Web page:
The speaker on the Y55 can get really loud, but the sound is evidently distorted at high volume. The treble is just right, and bass is existent, but not overpowering. Ellie Goulding’s Burn was, well a pain to listen to due to the distortion. Put on a pair of good Headphones though and the ballgame changes drastically. There’s a BBE option that when enabled, supposedly improves the sound quality and gives you a few settings that can be tweaked. Default settings were already good enough for me, as highs were very dominant but not piercing (my personal preference). If you love acoustic and vocal tracks, you won’t have to do a lot of tweaking.



A higher MP count doesn’t always equate to better photos, and the Y55’s 8MP rear shooter proves that. In good lighting conditions, photos came out detailed with good color reproduction and sharpness. The opposite is true as the amount of light decreases though. As seen with the sample shots, photos come out with a lot of noise in low light. Fortunately, there’s always the handy flash to compensate.

In terms of shooting modes, there isn’t much to choose from, unfortunately. But a Professional mode is available if you want to tweak more elements of your shots like ISO and White Balance.

The 5MP front camera, on the other hand, takes some decent selfies. One of the features of the Y55 is its smart screen flash, which supposedly activates in low light conditions to brighten up your selfies, and it actually works as seen in the sample photos.


The Y55 runs on Funtouch OS 2.6 on top of Android 6.0 Marshmallow out of the box. Which is really good. (I wonder when the V3 and V3 Max will have those updates). As such, a lot of the goodies we’ve come to love from the V3 and V3 Max are present here.

Vivo’s take on Android is different and unique in a lot of ways, which means you’ll have to get used to it, but it does give users a lot of room to customize, and that’s what I personally loved about it. So many elements can be adjusted that it makes the phone more personal. From the home screen animation, gesture controls, visitor mode, which allows you to hide specific content such as photos and messages when someone else uses your phone. It even gives you the option to show your network speed natively. I know, these are little things, but even these little things are all part of the entire experience.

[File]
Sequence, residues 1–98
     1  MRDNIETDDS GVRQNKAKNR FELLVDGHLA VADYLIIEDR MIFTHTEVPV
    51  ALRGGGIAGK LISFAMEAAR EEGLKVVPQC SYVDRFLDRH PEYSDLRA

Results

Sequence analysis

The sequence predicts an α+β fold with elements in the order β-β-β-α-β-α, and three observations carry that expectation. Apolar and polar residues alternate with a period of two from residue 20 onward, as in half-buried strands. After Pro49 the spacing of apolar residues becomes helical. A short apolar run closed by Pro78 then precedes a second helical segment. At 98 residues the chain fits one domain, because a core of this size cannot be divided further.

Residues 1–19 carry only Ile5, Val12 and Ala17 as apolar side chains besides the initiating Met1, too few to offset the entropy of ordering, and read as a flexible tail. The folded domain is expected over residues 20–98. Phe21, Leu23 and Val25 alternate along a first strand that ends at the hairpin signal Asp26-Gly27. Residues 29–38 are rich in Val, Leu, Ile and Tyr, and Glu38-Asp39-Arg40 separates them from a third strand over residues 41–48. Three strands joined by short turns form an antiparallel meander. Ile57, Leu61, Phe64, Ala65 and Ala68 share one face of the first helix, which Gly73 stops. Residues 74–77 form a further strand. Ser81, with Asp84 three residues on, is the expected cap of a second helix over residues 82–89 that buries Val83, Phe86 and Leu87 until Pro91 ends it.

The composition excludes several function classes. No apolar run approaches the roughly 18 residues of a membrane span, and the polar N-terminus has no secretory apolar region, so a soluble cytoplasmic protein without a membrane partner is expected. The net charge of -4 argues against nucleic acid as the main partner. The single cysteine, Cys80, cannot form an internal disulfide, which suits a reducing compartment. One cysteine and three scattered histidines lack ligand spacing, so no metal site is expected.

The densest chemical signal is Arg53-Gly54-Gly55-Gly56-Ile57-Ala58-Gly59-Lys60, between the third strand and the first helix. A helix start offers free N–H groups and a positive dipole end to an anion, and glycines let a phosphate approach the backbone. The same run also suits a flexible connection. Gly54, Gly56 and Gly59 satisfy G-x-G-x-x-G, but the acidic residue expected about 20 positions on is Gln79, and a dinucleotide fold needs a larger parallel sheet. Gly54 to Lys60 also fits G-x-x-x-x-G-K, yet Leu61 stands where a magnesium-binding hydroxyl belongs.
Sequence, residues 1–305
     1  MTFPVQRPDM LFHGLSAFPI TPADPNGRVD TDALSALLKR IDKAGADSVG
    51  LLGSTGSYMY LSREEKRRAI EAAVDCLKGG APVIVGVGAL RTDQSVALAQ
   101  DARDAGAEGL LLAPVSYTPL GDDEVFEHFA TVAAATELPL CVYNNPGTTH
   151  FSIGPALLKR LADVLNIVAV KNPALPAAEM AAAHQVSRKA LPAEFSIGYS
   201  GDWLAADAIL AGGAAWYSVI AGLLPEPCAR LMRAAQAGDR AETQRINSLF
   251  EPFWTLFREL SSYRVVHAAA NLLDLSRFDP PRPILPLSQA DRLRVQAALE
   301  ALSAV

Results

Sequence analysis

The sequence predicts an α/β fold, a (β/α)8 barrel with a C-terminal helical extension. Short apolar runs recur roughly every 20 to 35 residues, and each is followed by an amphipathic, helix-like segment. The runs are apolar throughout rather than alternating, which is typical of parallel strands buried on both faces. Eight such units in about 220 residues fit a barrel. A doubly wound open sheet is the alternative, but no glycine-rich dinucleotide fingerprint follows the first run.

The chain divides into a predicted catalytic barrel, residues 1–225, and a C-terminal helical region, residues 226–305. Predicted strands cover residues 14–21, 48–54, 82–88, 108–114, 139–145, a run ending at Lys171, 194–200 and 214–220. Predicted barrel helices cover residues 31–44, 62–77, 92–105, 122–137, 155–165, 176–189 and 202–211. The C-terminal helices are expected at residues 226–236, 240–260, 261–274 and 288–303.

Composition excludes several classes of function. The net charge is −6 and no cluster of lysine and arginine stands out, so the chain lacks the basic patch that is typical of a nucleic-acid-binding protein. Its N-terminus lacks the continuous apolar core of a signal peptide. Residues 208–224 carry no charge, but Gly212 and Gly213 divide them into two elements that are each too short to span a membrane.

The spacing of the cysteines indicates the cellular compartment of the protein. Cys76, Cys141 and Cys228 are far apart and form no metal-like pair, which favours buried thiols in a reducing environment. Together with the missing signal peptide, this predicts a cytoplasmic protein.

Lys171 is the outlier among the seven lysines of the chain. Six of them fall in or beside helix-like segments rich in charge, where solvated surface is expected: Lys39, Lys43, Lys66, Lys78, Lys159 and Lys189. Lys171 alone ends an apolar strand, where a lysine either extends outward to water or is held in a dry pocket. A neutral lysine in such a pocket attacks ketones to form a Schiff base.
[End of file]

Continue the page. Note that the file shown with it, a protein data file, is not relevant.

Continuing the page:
The 2650mAh battery actually did great on my test. Playing a video on loop at 50% brightness and 80% volume, the phone was able to achieve 13 hours of on-screen time! That is amazing for a phone that’s this compact with not much room for a big battery. Charging time from 0 to full is around 3 hours which might be a little bit of a hassle to some, but well, i guess you can’t expect everything here right?


There are quite a lot of things to like about the Y55. For just a little less than PhP 8,000, you get a phone that looks and feels premium, has a very capable processing package which handles even heavy games with no issues, has software that provides a ton of customization options, and has excellent battery life. The absence of an LED notification light is a letdown, 2GB of RAM may not be enough for power users, and some features like the Smart Split 2.0, can still be improved. But apart from those, this phone is a solid choice for anyone looking for a budget phone with good performance.

The Good

  • Overall design and build quality
  • Handles heavy games well
  • Decent camera
  • User has big room for customization
  • Excellent battery life
  • Marketed features are actually useful
  • Price

The Not So Good

  • The 720p display could use a bump
  • No notification LED (And the alternative isn’t quite useful)
  • Sound quality from speaker
  • A Gigabyte more of RAM would’ve been nice


Emman has been writing technical and feature articles since 2010. Prior to this, he became one of the instructors at Asia Pacific College in 2008, and eventually landed a job as Business Analyst and Technical Writer at Integrated Open Source Solutions for almost 3 years.